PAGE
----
Jen and Paul's story

Jen and Paul share their story and their heart for welcoming teenage refugees into their home.

In 2013, we felt a strong sense that God wanted us to care for more people in our home. We already had two foster children with us and were about to adopt our seventh child, so to say we were surprised was an understatement.

However, we prayed, read the Bible, and asked close Christian friends to pray and advise. We then took a leap of faith to add two bedrooms and a bathroom to our home.

We still weren’t sure who we might be caring for, but then the Syrian crisis unfolded. Both of us have experience in overseas humanitarian work, so Jen went to Lesbos to assist with the welcoming of young mothers and children there. Upon her return, we met with senior representatives of York Council and Home for Good staff. We were approved foster carers, with spare rooms and beds made up. Surely we could offer something?

A plan emerged: our home would become a ‘Welcome Centre’ – the first port of call for all Unaccompanied Asylum-Seeking Children allocated to York. They would come to us for up to three months for welcome, orientation and assessment, before moving to longer-term provision.

In the last eighteen months, we have welcomed nine teenage boys in this way. They generally arrive confused and anxious. Because of their traumatic journeys, as well as the persecution that has forced them to leave their homes in the first place, many have trouble sleeping, and we’ve found ourselves sat up in the early hours with them after nightmares.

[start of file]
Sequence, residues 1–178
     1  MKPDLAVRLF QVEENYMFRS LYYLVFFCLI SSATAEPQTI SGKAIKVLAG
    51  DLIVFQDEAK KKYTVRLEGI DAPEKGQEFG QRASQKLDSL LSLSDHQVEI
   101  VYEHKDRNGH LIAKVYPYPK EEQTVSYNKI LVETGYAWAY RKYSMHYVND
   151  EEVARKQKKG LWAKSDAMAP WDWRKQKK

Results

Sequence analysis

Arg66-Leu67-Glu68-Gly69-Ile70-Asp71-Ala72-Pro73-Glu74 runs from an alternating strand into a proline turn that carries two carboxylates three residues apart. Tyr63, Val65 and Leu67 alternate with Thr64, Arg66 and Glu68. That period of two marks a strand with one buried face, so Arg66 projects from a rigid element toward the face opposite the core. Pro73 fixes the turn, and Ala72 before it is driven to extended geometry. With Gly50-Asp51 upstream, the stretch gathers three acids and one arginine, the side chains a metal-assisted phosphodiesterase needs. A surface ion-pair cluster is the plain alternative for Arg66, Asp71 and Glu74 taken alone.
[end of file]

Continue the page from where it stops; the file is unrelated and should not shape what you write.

Several of the boys have physical scars too. We never ask them any questions about themselves but find that gradually, over time, they tell us what they want to. Sadly, we have heard stories of incarceration, beatings, torture, near drowning, banditry and trafficking. Some have witnessed murder.

However, it has been a privilege to see these young men become more relaxed and confident. Our youngest children, aged 9 and 10, have been wonderful: playing games with our guests and helping with homework when their English lessons start.

We are aware of all the broken attachments these young men have, so we make sure we tell them from the start that, eventually, they will be moving on to live in another household. We don’t want to disappoint them later. But as we’ve grown pretty fond of our guests, it’s a joy to be able to keep in touch with many of them after moving.

We always tell the boys that they’re welcome in our home – they’re with us at our request – and that we want to help because if one of our sons was alone overseas, we would want someone to be kind to him.

Another way we gain the boys’ trust is by trying to understand their faith. Most have been Muslim, so we’ve got to know the Halal outlet pretty well, and although we still pray before meals, we are careful about the words we use. We’ve developed a good relationship with the local Mosque and make sure the boys can get there each Friday.

Back in 2013, we had no idea how God wanted to use us and our home, so it has been a real joy to be part of His work of welcoming refugees. They arrive so sad and lost, but they grow in hope and confidence – and we just love being involved.

Read other stories from this feature:

York families respond to God's heart for young refugeesLynn and Simon's storySandra and Harry's storyClare and Mark's story

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